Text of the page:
6. Take an electrical outlet converter if you are taking any electronic equipment chargers. The voltage is different in Japan, so make sure to take one and use it. Otherwise, you will fry your phone, laptop or tablet.
7. Keep an eye on the weather. We were there in the fall, where it can be very hot one day and much cooler the next day. So pack accordingly. A long-sleeved T-shirt, khaki slacks and a sweater were just fine for me on the cool days. Otherwise, it was shorts and T-shirts. Yes, that attire is very casual for the Japanese, but I was going for comfort.
8. If you’ve never been to Japan, do a little research to figure out exactly what you want to see while you’re there. And check with your travel agent to see if an itinerary can be scheduled for you.
A good website to check is http://www.japan-guide.com/
I have a few must-sees. The newest attraction is the tallest building in Japan — the Tokyo Skytree. It is a little more than 2,000 feet high and can be seen for miles around Tokyo.
It’s not for those who have a fear of heights. There’s a clear floor at one place where you can see exactly how high you are. And it’s pretty high! Admission is about $20 a person.
The tourist mecca is Asakusa, with its Senso-ji Temple and hundreds of shops where you can buy anything from Japanese treats to traditional Japanese kimono to trendy T-shirts to souvenirs to clothes for pets to stationery. And there are plenty of places to stop to eat. You can spend a little or a lot.
For those who love electronics, Akihabara is the place to go.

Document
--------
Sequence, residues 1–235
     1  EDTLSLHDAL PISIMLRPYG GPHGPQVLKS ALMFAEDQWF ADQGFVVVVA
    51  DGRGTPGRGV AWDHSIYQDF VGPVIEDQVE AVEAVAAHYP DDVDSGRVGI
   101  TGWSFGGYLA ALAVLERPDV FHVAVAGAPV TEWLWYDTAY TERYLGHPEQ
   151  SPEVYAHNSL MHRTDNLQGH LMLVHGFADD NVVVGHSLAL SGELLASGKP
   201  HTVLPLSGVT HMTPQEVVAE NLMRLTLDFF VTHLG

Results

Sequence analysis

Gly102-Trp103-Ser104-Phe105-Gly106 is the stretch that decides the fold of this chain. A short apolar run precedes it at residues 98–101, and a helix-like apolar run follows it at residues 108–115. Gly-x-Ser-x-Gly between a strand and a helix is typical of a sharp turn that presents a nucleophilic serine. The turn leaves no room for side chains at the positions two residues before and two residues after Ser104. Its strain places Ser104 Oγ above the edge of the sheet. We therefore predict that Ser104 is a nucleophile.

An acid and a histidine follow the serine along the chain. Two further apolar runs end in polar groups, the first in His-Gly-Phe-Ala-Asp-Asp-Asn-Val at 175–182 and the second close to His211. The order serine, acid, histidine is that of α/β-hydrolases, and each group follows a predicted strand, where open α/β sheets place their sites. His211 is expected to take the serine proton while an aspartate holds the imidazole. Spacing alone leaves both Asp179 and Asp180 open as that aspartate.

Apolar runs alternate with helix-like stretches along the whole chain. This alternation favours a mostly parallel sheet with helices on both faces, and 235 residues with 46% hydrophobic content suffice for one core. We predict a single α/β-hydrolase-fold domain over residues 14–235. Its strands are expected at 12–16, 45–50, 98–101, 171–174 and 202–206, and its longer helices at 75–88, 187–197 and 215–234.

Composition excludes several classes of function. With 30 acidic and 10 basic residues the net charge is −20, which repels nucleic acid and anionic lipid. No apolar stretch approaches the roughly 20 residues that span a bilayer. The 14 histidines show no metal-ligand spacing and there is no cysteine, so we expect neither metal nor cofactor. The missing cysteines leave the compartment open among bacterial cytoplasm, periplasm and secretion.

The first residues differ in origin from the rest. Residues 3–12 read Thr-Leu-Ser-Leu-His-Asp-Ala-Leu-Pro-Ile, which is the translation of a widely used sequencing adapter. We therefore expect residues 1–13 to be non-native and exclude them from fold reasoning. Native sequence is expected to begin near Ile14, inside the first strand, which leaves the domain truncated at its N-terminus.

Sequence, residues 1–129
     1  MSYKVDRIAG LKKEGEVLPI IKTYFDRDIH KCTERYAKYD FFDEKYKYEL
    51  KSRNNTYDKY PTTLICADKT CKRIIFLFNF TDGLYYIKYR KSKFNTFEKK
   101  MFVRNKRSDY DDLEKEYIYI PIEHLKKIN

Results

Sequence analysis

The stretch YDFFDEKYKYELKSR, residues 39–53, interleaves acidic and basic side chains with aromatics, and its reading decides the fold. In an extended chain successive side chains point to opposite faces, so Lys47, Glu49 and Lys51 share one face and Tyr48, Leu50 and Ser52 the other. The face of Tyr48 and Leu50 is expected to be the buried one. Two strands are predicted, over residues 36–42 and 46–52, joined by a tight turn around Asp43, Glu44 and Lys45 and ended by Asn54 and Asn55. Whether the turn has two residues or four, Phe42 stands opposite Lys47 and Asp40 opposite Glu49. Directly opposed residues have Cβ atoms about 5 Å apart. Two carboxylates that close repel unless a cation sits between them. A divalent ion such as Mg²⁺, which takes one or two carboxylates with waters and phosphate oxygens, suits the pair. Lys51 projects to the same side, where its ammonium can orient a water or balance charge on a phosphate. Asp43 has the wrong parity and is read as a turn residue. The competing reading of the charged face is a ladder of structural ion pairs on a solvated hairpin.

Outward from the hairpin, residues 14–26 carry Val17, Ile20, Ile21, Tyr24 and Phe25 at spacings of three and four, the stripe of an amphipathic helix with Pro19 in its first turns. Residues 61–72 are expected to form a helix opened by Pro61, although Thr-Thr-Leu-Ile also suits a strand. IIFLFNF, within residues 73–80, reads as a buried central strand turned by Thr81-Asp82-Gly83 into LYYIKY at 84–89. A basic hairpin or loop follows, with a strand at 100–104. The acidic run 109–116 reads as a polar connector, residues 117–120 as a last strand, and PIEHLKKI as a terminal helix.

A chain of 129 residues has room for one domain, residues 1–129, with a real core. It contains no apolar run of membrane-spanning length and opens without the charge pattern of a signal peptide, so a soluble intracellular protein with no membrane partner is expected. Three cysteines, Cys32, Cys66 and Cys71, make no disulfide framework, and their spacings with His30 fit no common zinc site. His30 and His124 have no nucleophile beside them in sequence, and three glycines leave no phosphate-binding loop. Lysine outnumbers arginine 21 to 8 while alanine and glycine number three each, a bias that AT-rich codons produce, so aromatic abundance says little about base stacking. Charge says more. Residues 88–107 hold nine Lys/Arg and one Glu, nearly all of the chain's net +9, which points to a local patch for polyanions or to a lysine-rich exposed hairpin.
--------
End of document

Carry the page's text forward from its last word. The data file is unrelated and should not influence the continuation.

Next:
Soft cream. This is the creamiest, tastiest ice cream ever! And don’t forget the shaved ice, which is also delicious. Unfortunately, shaved ice is only available during the summer.
There are market places including the world-famous Tsukiji fish market and Ueno’s Ameyoko (which started out as a black market after World War II). You can buy fresh fish and produce at both places. Many of the prices there are less expensive than in grocery stores.
Speaking of Ueno, there are museums galore — Tokyo National Museum, National Museum of Western Art, National Museum of Nature and Science, Tokyo Metropolitan Art Museum and Shitamachi Museum. And the Japanese are avid museum-goers. We spent 30 minutes in line to get into one museum. At another museum, people were standing four-deep to peer at the art. Some of them even brought monoculars to see even closer. Admission runs about $7 for adults.
Other museums include sumo, Kabuki Theater, anime master Hayao Miyazaki’s (“Spirited Away,” “Howl’s Moving Castle,” “Ponyo”) Ghibli Museum, Tokyo Edo Museum, Museum of Aeronautical Sciences at Narita International Airport and the National Museum of Japanese History. That’s just in Tokyo.
In 2011, the Cup Noodles Museum opened to honor Momofuku Ando, who invented instant ramen and began the Nissin company. At this museum, in Yokohama, you can make your own cup noodles for 300 yen. It is truly a must-see for anyone who loves cup noodles!
Of course, there are shrines and temples everywhere.
And don’t forget the world-famous traffic scramble just outside of Shibuya Station, where you can also have your picture taken with the statue of Hachiko, the dog who waited for her master every day, even after he died. And close to (within walking distance) Shibuya are the trendy neighborhoods of Roppongi and Harajuku.
Outside of Tokyo, don’t forget the Great Buddha at Kamakura, the beautiful temples and shrines of Nara and Kyoto, the Japan Alps of northern Honshu, the Hiroshima Peace Memorial Park and the beautiful countryside of Hokkaido.
One more thing to remember: Wear shoes that are comfortable and that you can slip on and off easily. You never, ever wear shoes inside a home. Even some temples, resorts and restaurants are no shoes zones. Slippers are available at some places, so I’d recommend that you wear socks in case there are no slippers.